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Detecting Sinkholed Domains With The X-Factor Parser

Blog Post created by RSA Admin Employee on Mar 5, 2014

This is a follow-up to a prior post on detecting sinkholed domains here.  Some domains that have been sinkholed by anti-malware organizations can be identified by reading the Server’s X-String Variable in the Header.

 

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Security Analytics does not extract this X-String as meta.  A parser would need to be written to extract this automatically.  However, the parser wouldn’t need to be so specific to extract just X-Strings for Sinkholes.  What else might be hiding within the X-Strings on these servers?  Would other malware command and control strings be embedded in X-Strings?  The parser would need to extract all X-Strings as meta so they can be reviewed and reported against.

This is what the parser looks like:

 

<?xml version="1.0" encoding="utf-8"?>

<parsers xmlns:xsi="http://www.w3.org/2001/XMLSchema-instance" xsi:noNamespaceSchemaLocation="parsers.xsd">

                <parser name="X Factor Detect" desc="This extracts the string from the x- HTTP Headers">

                                <declaration>

                                                <token name="tXfactor" value="X-" options="linestart" />

                                                <number name="vPosition" scope="stream" />

                                                <string name="vXfactor" scope="stream" />

                                                <meta name="meta" key="xfactor" format="Text" />

                                </declaration>

 

                                <match name="tXfactor">

                                                <find name="vPosition" value="&#x0d;&#x0a;" length="512">

                                                                <read name="vXfactor" length="$vPosition">

                                                                                <register name="meta" value="$vXfactor" />

                                                                </read>

                                                </find>

                                </match>

                </parser>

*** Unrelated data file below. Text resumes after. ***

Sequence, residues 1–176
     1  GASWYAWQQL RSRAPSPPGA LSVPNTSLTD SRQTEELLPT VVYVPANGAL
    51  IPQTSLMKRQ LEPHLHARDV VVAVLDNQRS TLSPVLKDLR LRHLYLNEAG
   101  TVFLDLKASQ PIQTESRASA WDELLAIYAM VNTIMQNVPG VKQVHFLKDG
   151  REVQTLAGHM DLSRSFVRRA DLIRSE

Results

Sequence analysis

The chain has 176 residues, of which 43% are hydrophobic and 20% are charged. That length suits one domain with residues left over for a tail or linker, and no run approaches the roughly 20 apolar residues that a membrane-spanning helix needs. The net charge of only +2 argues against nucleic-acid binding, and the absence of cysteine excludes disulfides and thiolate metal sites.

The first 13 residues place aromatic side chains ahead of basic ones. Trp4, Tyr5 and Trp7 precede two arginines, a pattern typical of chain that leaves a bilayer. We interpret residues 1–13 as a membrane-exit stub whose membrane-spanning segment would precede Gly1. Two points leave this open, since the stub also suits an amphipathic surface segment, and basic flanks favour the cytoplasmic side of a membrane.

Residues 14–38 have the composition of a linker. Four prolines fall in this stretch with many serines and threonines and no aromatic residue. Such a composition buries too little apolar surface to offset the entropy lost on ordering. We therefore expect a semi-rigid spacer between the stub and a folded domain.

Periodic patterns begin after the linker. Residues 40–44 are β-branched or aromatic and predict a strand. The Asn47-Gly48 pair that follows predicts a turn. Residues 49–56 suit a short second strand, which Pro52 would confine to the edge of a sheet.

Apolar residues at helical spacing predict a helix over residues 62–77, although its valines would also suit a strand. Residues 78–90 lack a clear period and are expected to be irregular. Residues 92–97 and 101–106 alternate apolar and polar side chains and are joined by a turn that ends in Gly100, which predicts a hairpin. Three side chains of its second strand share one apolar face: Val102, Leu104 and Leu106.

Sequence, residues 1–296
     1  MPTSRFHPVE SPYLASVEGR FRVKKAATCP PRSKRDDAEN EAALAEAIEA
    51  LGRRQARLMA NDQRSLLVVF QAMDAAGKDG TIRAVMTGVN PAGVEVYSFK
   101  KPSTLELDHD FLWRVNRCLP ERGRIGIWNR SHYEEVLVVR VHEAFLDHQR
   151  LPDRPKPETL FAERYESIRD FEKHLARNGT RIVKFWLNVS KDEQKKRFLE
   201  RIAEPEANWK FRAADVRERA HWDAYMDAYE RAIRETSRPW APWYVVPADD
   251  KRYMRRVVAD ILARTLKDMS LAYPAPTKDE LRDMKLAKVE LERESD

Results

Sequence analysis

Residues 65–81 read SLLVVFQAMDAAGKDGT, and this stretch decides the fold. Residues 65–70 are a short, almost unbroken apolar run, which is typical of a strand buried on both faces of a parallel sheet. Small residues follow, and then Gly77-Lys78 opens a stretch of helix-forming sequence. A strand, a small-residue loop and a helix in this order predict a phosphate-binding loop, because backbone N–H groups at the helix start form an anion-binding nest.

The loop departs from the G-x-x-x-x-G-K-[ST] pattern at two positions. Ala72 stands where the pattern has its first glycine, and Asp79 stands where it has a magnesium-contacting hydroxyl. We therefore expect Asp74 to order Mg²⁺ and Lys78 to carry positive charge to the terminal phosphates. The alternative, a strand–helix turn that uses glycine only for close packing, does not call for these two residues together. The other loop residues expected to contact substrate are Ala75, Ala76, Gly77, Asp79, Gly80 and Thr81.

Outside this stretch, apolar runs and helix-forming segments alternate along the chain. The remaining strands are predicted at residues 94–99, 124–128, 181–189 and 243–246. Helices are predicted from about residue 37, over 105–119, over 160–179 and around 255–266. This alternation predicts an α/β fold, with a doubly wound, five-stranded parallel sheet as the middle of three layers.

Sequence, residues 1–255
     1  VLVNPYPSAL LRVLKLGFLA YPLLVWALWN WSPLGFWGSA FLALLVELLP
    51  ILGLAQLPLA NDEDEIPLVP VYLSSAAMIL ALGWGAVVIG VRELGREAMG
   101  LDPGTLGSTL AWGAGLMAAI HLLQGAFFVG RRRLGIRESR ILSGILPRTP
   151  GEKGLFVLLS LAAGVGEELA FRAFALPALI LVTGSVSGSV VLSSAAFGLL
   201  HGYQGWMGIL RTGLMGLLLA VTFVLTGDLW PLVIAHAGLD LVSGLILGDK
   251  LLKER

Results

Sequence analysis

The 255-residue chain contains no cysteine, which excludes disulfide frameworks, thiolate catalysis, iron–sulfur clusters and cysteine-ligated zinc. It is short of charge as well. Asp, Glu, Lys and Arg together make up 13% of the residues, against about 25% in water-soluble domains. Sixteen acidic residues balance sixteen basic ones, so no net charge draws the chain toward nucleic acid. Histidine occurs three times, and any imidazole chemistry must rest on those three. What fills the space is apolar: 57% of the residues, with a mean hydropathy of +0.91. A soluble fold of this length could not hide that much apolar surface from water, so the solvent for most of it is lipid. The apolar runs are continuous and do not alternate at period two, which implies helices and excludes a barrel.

</parsers>

 

Starting in the declarations section, I define my primary token I want to use to pull out the X-String variables, which is “X-“ at the beginning of the line.  I define a variable position, a variable Xfactor, and reference a new meta key that I will be dumping all of my results into.  (When I write parsers, I like to denote tokens and variables by prepending lowercase “t” and “v” to my values to help me keep my logic straight.)

 

Next comes my match statement.  So whenever this parser finds “X-“ at the beginning of the line, it will then search for a variable number of spaces up to 0D 0A (the carriage return in hex) or up to 512 spaces, whichever comes first.  It will then read whatever occupies that space as the “vXfactor” which should be a string of text and will register it as meta in my new Index Key of “xfactor”

 

This is what the results look like:

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A simple capture rule to detect when “xfactor contains sinkhole” can now be created to alert on my primary use case, which was to detect sinkholes.

 

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My secondary use case was to find any possible c2 commands in the X-Strings, however, at the time of this writing, none have been detected.  However, there are some interesting anomalies I have found, such as references to comic book characters and solicitations to hire “hackers” and web developers.

 

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Other use cases for a parser like this would be passive vulnerability detection and notification.  As an example, in the results graphic above, you can see lots of different PHP versions.  If this parser were deployed in a web hosting environment, it could detect which hosts were using outdated versions of PHP, ASP and other web applications that advertise versions within their X-Strings.

 

This parser is presented above as an educational lesson on the power of the parsing language.  It is presented as-is and without warranty.  If you choose to deploy this, it is at your own risk.

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